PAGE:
Opioids can have devastating consequences for the people who abuse them, affecting their health, safety and freedom – but it doesn’t stop there.
Drug abuse can ruin the lives of people who never touch the substances themselves.
Stephanie Forrester is 37, from Fairport. She has two kids: a son and a daughter. She said they grew up around her addiction.
"When my husband, Justin, and I were using, at first we'd try to hide it from our kids," she said. "But it started coming to the point where the kids would just come into the room. We would tell them to leave, but it didn't really matter anymore. They had witnessed us shooting up."
Steph is in recovery now, but she struggled with drug dependency for years. She said she started experimenting with drugs like marijuana and alcohol as a teenager.
"Those were never really my drug of choice," she said. "Once my mom passed away, that's when I started with the pills, Percocet, Vicodin, Oxycontins, Opanas."
Those prescription opioids became expensive and gave way to a heroin addiction. She and her husband started stealing to support their habit.
"I had no self-respect. I had no hope," she said. "I was prostituting at times to get money for my drugs. I would steal from anybody."
In Steph’s life, and a lot of people’s lives, her addiction affected all of her relationships. She damaged friendships, lost touch with her father. Finally, she lost custody of her kids.
"I lost everything. It's not even really that I lost it. I gave it away slowly for this drug."
Then came a turning point, when Steph was arrested for stealing.
Fabienne Santacroce is a public defender in Monroe County. She works with women like Steph who get caught up in other crimes because of their addictions.
"I've seen families ripped apart because of this," she said. "The ripple effect is huge. It is affecting these women's families. It's typically affecting their parents, their siblings, their significant others."
And their children.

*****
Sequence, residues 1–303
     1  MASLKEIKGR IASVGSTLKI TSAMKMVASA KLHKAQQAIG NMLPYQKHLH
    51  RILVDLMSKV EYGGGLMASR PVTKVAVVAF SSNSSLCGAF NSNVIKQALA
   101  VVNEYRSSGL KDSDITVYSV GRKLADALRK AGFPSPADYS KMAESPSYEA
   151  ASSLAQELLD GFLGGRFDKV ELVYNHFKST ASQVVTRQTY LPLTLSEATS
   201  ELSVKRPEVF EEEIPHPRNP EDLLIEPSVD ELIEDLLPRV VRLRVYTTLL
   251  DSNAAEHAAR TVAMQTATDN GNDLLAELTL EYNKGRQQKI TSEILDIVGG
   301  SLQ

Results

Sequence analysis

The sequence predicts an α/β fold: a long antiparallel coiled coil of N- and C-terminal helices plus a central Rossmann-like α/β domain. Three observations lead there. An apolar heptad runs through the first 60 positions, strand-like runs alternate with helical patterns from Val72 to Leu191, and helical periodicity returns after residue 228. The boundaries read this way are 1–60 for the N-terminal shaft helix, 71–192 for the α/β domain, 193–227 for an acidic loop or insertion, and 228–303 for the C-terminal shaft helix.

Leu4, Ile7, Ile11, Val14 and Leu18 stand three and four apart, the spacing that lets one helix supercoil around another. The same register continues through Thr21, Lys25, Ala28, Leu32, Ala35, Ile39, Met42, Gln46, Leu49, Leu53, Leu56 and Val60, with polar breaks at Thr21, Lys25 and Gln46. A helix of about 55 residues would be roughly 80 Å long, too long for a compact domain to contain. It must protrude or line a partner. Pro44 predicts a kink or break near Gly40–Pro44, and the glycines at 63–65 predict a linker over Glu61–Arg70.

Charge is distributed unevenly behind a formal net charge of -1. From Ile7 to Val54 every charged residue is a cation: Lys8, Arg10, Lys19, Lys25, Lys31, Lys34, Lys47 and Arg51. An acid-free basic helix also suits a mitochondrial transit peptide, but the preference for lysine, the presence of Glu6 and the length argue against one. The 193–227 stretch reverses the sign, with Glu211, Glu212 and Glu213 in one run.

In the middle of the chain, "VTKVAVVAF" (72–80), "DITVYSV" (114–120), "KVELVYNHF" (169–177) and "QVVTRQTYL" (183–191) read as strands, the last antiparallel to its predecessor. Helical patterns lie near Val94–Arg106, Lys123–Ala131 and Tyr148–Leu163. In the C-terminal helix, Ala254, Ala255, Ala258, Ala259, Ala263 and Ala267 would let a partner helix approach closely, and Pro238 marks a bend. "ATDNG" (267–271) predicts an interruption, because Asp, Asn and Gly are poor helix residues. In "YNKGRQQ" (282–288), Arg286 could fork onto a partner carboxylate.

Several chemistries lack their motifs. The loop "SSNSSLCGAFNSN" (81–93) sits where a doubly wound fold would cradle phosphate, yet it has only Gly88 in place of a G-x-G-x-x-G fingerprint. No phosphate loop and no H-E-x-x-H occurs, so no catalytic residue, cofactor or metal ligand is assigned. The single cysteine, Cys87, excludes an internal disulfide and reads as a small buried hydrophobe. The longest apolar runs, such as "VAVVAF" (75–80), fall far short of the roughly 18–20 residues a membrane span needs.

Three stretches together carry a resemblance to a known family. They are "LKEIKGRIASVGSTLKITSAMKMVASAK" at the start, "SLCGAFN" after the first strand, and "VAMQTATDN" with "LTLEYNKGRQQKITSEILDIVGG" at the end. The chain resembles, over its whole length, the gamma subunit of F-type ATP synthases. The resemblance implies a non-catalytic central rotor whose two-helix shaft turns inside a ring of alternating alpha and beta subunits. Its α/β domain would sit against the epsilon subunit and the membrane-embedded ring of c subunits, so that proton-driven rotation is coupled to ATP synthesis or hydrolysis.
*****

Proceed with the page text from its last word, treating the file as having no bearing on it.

Dr. Tisha Smith is the director of drug and alcohol rehabilitation for the Monroe County Sheriff’s Office. She said the family fallout is common experience, particularly for women with children. But the jails have resources to help.
"When women come in, they stereotypically have a lot of depression, guilt, shame, other mental health issues related to the fact that they’ve damaged these relationships," she said. "It’s our job to help them navigate through that."
Steph said jail provided her a chance to get clean. She worked things out with her dad, who has custody of her kids. She said her relationship with them has improved, too. Still, there are some relationships she will never be able to repair.
"Once I got sober," she said, "I started having to face the fact that I'm on the other side, now, waiting for the phone call from deaths of people that I love. On January 12, I got the phone call that it was my husband, Justin, who had passed away. It's not a phone call anybody wants to get."
Steph said despite the grief, she is more motivated than ever to stay in recovery – not just for herself, but for her family. She hopes to regain custody of her kids in the future.
And in the meantime, she is trying to help other people affected by opioid addiction – she started a non-profit called Hope Dealers BTC that helps pass out meals, pick up hazardous needles in troubled areas and get people into treatment.